A “Sacrificial Lamb” in 2020?

In the mid to late 1960s, Top 40 radio nationally was lead by a Shreveport, Louisiana morning show DJ named Larry Ryan. His show dominated local and even national Top 40 ratings. His station, KEEL, was at the top of national Top 40 stations beside significant market stations like WLS in Chicago, WRKO in Boston, KIIS in Los Angeles, and WABC in New York. Ryan was an icon. And, as icons go, Larry Ryan decided to leave KEEL and bought his own radio station. That left a massive hole in the programming lineup at KEEL. Who would General Manager Billy Wilson bring to Shreveport to replace this giant?

There are two schools of thought for such a replacement. One is to find the best radio personality in the nation with which to replace Ryan. The second is to acknowledge how great Ryan was and recognize that no one could replace him at the same level. Wilson chose the latter and hired a no-name disc jockey that was mediocre at best. He lasted for about six months.

Wilson, when Ryan left, knew who he wanted to be the ultimate replacement at KEEL. When he fired the no-name guy, he brought in “his” guy: Jeff Edman. Edman was a storied morning show host at a small station in a small town. But he was okay. He went on air and, everyone in that market thought, “Finally, KEEL has someone as good as Larry.”

Wilson knew that it did not matter who followed Ryan; they would fail because of the constant comparisons with Ryan. The guy between Ryan and Edman was KEEL’s “sacrificial lamb.”

“How does that story fit anything in my life today?” you ask. This is an essential topic for today, and you’re going to have to buckle in with me. Instead of looking at everything at sea level, let’s go up to the 10,000-foot level.

The 2020 Election from 10,000 Feet

Who will be the next “new” President? Will that happen in 2020 or 2024?

In my life, I remember no previous election environment with even remote similarities to this one. The differences between both major parties are miles apart from each other. Like never before, I see very little — if any — consensus between Republicans and Democrats on any level.

In the American political system, there have always been party philosophical differences. But parties almost always find ways to work together for the good of the nation. Americans do not see that willingness from either party in 2020.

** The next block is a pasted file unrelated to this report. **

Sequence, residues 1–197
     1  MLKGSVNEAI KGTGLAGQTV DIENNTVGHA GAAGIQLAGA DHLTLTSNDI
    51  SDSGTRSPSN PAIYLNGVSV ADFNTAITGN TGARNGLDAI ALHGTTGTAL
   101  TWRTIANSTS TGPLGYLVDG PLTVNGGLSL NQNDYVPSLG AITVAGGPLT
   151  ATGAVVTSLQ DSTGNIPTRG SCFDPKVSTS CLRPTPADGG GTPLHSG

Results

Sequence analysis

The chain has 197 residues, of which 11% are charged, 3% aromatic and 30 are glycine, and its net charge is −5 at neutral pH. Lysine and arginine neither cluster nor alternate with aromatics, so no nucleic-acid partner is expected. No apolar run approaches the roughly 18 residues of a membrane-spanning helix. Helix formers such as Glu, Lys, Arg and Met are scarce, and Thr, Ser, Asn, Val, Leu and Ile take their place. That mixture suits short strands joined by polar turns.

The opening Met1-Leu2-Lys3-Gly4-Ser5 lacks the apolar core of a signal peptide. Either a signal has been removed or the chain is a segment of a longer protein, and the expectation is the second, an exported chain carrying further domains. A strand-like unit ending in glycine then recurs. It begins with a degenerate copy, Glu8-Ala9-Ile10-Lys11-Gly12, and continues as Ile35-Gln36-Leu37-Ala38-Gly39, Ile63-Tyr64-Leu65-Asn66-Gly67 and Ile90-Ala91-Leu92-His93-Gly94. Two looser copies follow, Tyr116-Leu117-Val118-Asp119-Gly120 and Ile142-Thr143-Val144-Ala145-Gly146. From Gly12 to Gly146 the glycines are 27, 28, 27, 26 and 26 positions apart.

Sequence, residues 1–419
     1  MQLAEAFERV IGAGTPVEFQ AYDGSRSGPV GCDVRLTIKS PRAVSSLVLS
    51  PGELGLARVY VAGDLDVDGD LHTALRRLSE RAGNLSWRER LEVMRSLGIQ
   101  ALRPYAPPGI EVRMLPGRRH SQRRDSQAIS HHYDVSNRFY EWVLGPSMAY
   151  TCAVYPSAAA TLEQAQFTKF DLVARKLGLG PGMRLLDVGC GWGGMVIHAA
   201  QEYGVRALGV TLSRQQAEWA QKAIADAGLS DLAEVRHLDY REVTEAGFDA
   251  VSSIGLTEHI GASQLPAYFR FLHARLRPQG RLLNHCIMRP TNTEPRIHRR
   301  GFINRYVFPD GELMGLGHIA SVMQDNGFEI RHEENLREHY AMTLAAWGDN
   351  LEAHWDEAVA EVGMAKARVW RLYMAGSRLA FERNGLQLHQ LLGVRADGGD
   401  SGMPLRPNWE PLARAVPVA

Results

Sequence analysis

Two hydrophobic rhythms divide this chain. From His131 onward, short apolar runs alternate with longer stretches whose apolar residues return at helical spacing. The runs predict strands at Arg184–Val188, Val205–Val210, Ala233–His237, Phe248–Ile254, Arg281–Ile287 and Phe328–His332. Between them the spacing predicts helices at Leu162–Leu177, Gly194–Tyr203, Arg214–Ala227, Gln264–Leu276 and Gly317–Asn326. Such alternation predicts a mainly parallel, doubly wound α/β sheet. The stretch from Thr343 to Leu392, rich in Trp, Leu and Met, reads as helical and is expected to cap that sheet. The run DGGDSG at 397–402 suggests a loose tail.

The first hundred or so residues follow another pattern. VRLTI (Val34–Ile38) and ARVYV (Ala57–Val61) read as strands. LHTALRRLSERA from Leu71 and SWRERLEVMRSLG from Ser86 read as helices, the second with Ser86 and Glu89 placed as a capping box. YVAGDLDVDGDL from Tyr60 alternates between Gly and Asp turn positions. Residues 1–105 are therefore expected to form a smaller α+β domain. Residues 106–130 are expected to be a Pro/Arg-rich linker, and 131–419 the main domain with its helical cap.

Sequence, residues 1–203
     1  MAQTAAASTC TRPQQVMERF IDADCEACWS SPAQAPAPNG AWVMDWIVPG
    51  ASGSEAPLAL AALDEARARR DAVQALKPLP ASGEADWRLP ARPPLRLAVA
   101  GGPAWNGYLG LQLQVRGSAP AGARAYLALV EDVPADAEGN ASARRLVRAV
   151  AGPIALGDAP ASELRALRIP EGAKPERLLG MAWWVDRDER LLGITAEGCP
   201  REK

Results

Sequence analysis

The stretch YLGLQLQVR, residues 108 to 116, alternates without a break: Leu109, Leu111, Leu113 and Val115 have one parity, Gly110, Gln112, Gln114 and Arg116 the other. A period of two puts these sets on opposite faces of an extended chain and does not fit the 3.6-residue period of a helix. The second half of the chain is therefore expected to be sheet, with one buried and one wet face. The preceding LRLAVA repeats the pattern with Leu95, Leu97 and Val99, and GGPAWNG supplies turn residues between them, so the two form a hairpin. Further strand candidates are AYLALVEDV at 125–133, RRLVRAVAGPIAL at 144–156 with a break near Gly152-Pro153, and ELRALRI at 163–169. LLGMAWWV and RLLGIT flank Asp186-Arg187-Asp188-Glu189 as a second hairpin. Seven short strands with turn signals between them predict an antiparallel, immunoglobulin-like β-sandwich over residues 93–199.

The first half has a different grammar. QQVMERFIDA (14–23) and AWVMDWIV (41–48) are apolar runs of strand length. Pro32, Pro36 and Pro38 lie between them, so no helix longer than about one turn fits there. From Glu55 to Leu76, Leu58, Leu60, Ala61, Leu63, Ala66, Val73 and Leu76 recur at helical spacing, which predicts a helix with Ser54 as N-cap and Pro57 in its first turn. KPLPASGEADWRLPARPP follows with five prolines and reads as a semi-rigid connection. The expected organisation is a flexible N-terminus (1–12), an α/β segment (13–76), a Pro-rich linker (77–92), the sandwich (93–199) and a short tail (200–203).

Donald Trump will surely represent the GOP in November. But who will represent the Democrat Party is far from determination. From the start of this campaign season, former VP Joe Biden was the odds-on favorite if he ran. When he formally announced his run, most were confident he would dominate other Democrat candidates. And, for a while, he did. That favor among fellow Democrats began to slip away slowly and continues to this day.

Enter Bernie Sanders.

Sanders, a consummate Socialist (who many say is a Communist), has become the only real threat to a Biden run against Trump in November. Sanders is so far left and has so much history as a real Socialist; his garnering enough support even to win Democrats’ nomination is tough, but then there’s the general election.

As of this date, Sanders has momentum. If he can hold that and build the consensus for a White House bid as a Democrat, a generation of young Americans who have been immersed in Socialist propaganda at our education institutions would be elated. But, unfortunately for Sanders, Democrats have closed their circle around the former VP and are throwing every shred of bad “Bernie News” they can uncover against Sanders to keep Biden at the forefront. It will be tough for him to get the majority of Democrat Party delegates to support him in Milwaukee at the Democrat Convention.

What will happen if Bernie cannot get a Democrat convention delegate majority, nor can Joe or any other candidate?

If that should happen on the first nominating ballot, all Democrat delegates are automatically released from their candidate obligation. They can then support any candidate they choose. Someone — may be another candidate currently in the race or even one who is not presently running — can put their name forward, hoping to pull enough of those “de-committed” delegates to their side sufficient in number to win the nomination.

Who could that person be that could pull enough of those de-committed delegates to win a majority of delegate votes to win the 2020 presidential nomination?

Enter: a sacrificial lamb.

Take the “Hit”

Here’s the Democrats’ problem: Who can beat Donald Trump in 2020? Go back up to the 10,000-foot level for a moment and consider who is out there that has a real shot at beating the President. If one puts aside a personal preference for a specific candidate and objectively believes who could defeat Mr. Trump, the choices are slim — and there may not be a candidate who can score that victory. Don’t think for one minute that Democrat Party leaders have for quite some time considered that possibility. Pelosi and Schumer and other Party leaders have a plan — a plan that might contain a sacrificial lamb. Let’s think this through:

  • Biden nor Sanders can score a majority of Democrat delegates on the first ballot at the convention in Milwaukee;
  • Committed delegates are then free to support whomever they choose;
  • Who in the current field has voter support even close to the sufficiency necessary to win the nomination, let alone defeat Donald Trump?
  • Who could be a possible candidate outside the shortlist of Democrats who would and who could bring Dems their November 3rd victory?
  • What are Democrats to do?

The Choices

Three names come to mind who might be able to pull off a victory: Michael Bloomberg, Hillary Clinton, and Michelle Obama.

Michael Bloomberg. “Mini-Mike,” as President Trump has labeled the candidate, certainly has the bank sufficient to support the cost of a national campaign. But the former mayor made a poor showing in the Las Vegas debate — so bad that he may not be able to recover. Democrats as a whole do not know the former New York City Mayor. Is there time to educate voters about his positions on the issues that have been burning the electorate during this entire campaign period? If there is sufficient time for that, does he have adequate winning ideas to beat President Trump?